Ricky Gervais' The Invention of Lying opens October 2, but the British comedian is already working on his next project. Cemetery Junction re-teams him with The Office and Extras co-creator and director Stephen Merchant. Gervais describes their first big-screen collaboration to Collider as following "the minutia of human behavior".
I suppose it's about class. It's a romantic drama I suppose. It's funny though. It's sort of a return to what Steve and I do best ... the minutia of human behavior. It's set in the early '70s and it's about a group of twenty-somethings that try to escape that stifling small town sort of mentality. One of the lines that inspired us is from [Bruce Springsteen's] "Thunder Road." It's a town full of losers and we're pulling out of here to win. It's like our Saturday Night Fever.
Gervais says the movie is definitely inspired by his own life.
Well, everything you do is autobiographical. Yeah, I grew up in a town called Redding and I had older brothers and sisters so it's all my memories of growing up. It's not a depressing, gritty British movie about blue collar and working class ... it's quite a celebration of that. I had great memories of growing up in a working class estate. I remember it being sunny all the time. So we're putting that on screen. It's not people wallowing in degradation. There was a nobility in poverty when I was growing up. My mom was poor but she was planting roses and she was cleaning the steps, you know what I mean. You didn't feel sorry for yourself.
Cemetery Gates stars Gervais alongside Ralph Fiennes, Emily Watson, and Matthew Goode, as well as a younger cast of unknown British actors, a move Gervais says was necessary.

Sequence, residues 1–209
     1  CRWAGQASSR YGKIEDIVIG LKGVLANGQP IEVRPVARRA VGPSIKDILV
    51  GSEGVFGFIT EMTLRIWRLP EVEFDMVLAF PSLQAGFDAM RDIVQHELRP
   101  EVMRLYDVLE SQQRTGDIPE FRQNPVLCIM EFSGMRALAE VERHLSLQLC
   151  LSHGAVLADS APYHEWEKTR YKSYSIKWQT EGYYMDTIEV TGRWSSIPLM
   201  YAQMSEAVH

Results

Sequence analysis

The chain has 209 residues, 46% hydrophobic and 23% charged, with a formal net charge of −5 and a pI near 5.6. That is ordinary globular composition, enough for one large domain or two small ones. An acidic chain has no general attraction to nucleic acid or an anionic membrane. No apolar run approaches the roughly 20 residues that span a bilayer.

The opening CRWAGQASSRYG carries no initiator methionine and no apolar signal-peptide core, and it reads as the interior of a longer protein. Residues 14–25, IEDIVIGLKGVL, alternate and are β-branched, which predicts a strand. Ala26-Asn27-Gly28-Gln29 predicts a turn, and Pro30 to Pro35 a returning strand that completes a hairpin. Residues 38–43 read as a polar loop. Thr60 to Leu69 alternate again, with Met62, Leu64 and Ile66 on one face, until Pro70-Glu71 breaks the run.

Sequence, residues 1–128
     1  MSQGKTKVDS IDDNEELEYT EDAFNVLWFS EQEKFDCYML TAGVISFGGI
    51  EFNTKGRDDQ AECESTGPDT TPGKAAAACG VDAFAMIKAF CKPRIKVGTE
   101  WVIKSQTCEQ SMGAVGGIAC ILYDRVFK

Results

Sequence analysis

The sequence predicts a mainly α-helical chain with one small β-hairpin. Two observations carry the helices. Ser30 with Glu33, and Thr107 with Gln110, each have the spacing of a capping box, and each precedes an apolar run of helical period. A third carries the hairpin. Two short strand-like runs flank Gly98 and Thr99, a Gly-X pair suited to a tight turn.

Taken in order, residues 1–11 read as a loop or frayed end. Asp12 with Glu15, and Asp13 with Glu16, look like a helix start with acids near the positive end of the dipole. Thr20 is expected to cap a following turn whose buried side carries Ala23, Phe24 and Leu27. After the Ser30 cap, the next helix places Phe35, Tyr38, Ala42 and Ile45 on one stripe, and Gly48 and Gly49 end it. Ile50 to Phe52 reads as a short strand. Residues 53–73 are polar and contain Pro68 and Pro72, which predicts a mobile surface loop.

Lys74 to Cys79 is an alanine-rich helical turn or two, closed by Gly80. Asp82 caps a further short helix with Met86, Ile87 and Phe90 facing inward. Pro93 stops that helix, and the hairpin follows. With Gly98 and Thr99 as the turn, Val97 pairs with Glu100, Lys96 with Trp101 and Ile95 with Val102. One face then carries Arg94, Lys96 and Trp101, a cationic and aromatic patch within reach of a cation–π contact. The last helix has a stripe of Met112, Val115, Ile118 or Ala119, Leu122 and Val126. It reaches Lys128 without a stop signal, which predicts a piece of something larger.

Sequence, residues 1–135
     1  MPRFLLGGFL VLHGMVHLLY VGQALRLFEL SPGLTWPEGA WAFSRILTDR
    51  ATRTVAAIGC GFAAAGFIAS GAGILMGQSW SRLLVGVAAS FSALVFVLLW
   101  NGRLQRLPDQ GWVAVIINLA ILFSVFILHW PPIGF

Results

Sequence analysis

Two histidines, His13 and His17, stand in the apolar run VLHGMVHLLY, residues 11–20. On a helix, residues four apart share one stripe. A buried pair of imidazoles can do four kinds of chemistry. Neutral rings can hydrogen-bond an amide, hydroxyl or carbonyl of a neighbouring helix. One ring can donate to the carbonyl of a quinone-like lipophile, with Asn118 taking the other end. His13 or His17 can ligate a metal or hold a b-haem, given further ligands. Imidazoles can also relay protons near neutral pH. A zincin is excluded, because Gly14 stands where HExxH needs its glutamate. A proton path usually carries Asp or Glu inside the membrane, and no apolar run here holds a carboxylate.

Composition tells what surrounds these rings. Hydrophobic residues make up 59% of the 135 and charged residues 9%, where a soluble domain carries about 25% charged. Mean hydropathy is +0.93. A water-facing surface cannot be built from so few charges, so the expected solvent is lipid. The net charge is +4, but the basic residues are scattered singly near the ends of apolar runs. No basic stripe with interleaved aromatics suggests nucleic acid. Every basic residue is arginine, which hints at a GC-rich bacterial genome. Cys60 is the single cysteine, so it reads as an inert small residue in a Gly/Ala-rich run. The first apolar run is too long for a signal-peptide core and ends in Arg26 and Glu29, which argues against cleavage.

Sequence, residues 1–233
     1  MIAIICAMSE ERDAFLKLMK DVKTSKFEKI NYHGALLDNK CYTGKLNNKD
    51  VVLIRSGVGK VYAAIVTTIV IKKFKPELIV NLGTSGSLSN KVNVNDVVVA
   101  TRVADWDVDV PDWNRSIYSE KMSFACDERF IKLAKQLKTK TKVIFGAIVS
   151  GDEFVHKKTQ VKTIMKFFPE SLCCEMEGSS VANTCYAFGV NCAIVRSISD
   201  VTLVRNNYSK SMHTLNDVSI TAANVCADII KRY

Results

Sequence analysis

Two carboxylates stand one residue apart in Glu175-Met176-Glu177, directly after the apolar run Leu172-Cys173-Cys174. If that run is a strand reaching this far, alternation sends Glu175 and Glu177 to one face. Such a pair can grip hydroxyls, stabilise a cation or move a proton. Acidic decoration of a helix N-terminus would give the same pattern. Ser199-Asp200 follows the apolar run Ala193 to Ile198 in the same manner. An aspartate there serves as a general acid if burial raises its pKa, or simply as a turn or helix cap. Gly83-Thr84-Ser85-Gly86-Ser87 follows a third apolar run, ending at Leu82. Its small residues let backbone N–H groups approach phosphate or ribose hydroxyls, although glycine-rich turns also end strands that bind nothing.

We cast wide and new. So it's four completely unknowns. The terrible thing in England is if you interview a thousand people, five hundred of them will talk like they're going into a Guy Ritchie movie and the other five hundred will be Mr. Darcy. So we had to find cool, working-class kids with no profile who could be John Travolta and James Dean and people like that.
How the younger cast of unknowns (Christian Cooke, Tom Hughes, Jack Doolan, Felicity Jones) relate to the story was explained to RottenTomatoes in more detail by Merchant.
It's about a group of working-class lads in the '70s, one of whom aspires to be better than his dad — played by Ricky — and not go to work in a factory. Instead, he goes to work for Ralph Fiennes' character; a sort-of white-collar job. He finds a role model in him but in doing that he starts to drift away from his friends who are still in that world. It's the story of them, really, and whether that friendship will last.